The present magnetic survey has traced the western border of architecture in squares R2 in the south, through G5 and on to D9 in the northeast. The eastern border of the ancient architecture runs from T5 to L8, where it turns a right angle and continues in an eastward direction. The narrowing of the belt of anomalies corresponding to settlement architecture, observed north of squares J8 and J9, appears to be due to a thicker layer of overlying sand concealing the remains. Wherever the ground dips in this area, that is, the overlying deposits are thinner — as in K8 and K9 — traces of architecture have been mapped distinctly. Anomalies reflecting architecture are present also in the area with lower distinctness of the magnetic image, e.g., squares I8 and G8. The settlement appears to have lined the shore of a lagoon, which is reflected by an anomaly curving slightly from the center of T8 to the southeastern part of N9. It would appear that in the southern part of the surveyed area the architecture was located some 40 m away from the shore.
A series of anomalies of oval shape and diameter from 1 to 2 m, characterized by high-amplitude values, was mapped in squares E8, around the joining of G5 and G6, J8, by the western border of K7, in N3 and N4, at the northern end of P6, in R4. Some of these (as in E8, J8, P6, N3) were mapped in sections of the map reflecting architectural remains. These anomalies should be interpreted as images of furnaces or open hearths.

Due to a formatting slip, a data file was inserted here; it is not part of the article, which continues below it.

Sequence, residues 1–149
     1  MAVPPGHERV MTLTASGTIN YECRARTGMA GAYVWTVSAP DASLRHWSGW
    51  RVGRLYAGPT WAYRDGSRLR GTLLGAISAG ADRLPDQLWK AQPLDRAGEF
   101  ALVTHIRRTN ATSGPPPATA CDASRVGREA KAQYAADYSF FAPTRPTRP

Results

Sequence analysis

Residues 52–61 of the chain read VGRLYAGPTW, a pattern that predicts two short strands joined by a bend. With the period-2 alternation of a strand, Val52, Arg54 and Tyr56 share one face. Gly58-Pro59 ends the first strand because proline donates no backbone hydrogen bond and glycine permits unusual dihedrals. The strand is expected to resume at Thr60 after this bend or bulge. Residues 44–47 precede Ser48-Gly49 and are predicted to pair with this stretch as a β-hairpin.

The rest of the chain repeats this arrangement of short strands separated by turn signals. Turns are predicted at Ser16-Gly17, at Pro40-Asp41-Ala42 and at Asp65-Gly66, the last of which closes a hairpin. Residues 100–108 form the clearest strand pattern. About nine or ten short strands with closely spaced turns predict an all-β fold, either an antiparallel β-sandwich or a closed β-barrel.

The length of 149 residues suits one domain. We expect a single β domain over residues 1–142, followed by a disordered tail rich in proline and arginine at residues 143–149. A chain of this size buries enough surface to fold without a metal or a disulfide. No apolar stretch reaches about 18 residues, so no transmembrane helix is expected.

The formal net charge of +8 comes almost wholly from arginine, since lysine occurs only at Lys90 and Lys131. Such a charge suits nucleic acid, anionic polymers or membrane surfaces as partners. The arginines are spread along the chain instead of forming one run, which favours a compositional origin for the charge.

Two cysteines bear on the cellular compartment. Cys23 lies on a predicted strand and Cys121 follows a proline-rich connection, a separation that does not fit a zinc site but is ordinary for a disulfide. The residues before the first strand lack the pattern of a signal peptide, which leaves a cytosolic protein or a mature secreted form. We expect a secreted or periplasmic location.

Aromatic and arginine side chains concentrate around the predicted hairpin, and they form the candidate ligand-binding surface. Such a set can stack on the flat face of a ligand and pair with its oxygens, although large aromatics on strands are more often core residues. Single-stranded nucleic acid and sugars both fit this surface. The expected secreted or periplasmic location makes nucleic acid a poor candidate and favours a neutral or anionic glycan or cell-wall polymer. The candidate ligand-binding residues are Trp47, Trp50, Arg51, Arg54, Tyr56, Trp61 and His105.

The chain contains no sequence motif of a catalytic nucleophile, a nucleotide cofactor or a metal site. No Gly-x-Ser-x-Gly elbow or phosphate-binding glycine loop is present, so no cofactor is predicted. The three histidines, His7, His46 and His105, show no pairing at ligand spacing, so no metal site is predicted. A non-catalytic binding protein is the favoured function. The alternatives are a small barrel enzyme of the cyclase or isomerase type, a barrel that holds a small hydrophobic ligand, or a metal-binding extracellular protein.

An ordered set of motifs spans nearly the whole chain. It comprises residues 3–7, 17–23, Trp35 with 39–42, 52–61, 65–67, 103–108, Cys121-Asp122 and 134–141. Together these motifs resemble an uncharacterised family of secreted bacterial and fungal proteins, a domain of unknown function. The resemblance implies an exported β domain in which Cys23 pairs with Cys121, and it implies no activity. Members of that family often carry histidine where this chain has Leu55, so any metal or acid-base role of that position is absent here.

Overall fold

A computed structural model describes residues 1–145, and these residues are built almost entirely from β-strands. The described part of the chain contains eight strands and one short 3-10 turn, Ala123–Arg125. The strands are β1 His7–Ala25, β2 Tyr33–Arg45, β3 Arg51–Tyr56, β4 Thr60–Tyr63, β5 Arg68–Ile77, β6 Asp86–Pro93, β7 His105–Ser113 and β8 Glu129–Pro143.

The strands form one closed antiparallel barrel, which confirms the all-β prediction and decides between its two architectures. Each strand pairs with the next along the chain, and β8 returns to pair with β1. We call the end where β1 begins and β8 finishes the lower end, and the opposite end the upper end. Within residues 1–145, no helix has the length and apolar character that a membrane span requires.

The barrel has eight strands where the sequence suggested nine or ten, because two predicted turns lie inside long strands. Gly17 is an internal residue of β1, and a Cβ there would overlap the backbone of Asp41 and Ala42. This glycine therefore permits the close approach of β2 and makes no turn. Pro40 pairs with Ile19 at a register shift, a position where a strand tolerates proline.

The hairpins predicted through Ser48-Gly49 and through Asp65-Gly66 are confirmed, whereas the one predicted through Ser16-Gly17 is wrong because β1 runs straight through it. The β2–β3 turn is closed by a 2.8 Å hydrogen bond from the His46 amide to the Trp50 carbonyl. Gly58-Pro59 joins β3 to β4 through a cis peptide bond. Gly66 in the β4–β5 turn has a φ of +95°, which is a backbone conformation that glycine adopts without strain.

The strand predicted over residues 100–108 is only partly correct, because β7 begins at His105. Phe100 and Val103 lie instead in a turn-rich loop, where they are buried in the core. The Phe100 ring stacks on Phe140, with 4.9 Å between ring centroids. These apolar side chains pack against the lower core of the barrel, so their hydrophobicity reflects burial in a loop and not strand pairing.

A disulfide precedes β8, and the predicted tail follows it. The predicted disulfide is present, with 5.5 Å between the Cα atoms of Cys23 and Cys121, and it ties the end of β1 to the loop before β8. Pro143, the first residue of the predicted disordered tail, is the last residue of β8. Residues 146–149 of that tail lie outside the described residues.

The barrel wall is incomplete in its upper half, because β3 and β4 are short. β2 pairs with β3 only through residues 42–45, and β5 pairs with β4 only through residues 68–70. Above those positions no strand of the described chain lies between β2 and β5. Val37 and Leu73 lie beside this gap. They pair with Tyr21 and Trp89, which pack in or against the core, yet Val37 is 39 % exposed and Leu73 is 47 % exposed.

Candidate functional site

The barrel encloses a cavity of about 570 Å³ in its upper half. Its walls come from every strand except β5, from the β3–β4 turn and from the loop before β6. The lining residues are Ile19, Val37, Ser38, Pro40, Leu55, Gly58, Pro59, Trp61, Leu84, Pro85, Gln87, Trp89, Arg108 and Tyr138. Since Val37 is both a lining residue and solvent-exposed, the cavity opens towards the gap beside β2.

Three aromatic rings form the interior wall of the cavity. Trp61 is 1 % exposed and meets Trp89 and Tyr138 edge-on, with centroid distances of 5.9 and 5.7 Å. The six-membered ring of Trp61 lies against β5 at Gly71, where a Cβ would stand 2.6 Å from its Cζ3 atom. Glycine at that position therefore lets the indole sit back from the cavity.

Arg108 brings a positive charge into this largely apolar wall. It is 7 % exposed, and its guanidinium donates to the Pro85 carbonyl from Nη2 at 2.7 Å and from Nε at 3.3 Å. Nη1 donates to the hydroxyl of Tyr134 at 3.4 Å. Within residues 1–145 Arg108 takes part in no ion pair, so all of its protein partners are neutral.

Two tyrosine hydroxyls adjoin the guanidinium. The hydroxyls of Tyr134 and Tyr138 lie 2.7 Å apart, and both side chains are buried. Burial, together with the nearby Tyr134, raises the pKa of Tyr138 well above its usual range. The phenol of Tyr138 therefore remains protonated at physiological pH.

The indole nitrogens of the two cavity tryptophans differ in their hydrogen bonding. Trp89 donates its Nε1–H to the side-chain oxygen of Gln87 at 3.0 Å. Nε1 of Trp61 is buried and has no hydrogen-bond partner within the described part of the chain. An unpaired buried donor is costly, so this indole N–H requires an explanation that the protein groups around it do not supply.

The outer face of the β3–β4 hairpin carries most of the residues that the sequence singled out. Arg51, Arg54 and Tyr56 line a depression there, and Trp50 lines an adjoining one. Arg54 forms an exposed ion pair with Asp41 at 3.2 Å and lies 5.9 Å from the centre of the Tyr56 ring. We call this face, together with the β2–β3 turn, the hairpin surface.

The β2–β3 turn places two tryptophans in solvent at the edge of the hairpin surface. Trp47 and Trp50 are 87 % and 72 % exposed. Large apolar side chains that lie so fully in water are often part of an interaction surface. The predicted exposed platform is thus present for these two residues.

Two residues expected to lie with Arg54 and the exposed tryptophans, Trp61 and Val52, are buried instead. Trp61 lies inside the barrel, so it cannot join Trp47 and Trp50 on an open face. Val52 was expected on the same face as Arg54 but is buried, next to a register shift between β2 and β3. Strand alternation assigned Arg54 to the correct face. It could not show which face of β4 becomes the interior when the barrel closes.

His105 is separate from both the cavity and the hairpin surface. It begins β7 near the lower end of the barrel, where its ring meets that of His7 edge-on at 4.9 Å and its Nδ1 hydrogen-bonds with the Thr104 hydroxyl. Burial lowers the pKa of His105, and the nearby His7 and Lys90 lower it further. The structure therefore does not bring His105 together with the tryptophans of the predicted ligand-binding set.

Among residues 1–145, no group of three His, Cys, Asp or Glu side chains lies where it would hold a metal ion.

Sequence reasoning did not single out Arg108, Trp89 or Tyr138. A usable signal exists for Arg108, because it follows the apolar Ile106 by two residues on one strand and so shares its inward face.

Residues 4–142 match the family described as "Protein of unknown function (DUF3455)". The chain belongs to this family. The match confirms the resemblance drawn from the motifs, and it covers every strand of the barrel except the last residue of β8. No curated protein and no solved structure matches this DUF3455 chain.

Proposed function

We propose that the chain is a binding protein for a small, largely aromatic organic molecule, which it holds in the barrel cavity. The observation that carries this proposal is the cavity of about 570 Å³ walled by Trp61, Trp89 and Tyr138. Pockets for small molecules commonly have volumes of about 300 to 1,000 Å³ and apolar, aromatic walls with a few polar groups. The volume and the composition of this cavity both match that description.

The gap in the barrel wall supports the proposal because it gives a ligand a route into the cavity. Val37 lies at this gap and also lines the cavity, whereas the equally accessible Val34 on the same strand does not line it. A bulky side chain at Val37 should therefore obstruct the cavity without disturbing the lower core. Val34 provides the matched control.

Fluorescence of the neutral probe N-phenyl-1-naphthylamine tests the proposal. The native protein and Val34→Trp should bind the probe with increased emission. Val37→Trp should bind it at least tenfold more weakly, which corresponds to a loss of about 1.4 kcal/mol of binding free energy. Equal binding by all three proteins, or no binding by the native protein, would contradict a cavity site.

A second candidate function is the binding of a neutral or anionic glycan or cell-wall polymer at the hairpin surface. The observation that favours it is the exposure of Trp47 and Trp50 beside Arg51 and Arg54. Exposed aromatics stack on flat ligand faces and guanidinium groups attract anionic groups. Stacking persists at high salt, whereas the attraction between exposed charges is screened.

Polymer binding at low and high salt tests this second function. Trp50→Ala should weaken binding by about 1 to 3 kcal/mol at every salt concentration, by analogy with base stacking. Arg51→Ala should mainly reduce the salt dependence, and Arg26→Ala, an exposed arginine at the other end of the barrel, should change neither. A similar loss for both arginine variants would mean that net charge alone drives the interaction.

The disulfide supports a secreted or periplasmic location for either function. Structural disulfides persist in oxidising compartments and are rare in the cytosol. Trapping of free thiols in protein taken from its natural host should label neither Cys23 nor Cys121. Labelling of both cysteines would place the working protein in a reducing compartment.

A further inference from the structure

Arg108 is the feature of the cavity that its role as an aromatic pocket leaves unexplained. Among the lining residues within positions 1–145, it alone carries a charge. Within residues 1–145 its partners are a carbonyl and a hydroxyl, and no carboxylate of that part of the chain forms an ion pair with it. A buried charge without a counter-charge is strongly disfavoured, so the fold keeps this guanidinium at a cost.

Anomalies of irregular outline, characterized by raised magnetic field intensity values, run along the western border of the settlement (for example, in squares C7-E7, E5-J5). They are thought to correspond to concentrations of mud or ashes. Those of more regular shape could reflect the fill of pits of some kind.
The unsurveyed areas on the present map correspond to mounds covered with vegetation or archaeological dumps from the earlier excavations.
The results of geophysical research in Tell el-Ghaba confirm yet again the usefulness of the magnetic method when properly applied in reconstructing the layouts of architecture raised of Nile-silt brick.
The existing tentative plan of the settlement proposed in effect of a ground survey of site will now require revision once the magnetic mapping results are taken into consideration. The magnetic prospection shows beyond all doubt that architectural remains can be found in a belt approximately 100 m wide lining the eastern shore of a lagoon. Area V, which is located about 150 m from the shore of the lagoon and which was believed to be part of the settlement based on the abundant scattering of ceramics on the surface, appears to be devoid of any architectural substance, judging by the magnetic results. The survey has also excluded the presence of any kind of architecture in area IV (at least at the eastern edge which was covered by the present prospection).
Special thanks to Giorgio Nogara of the Tell Herr mission in Sinai for his invaluable assistance in the course of the survey.
[Text: T. Herbich]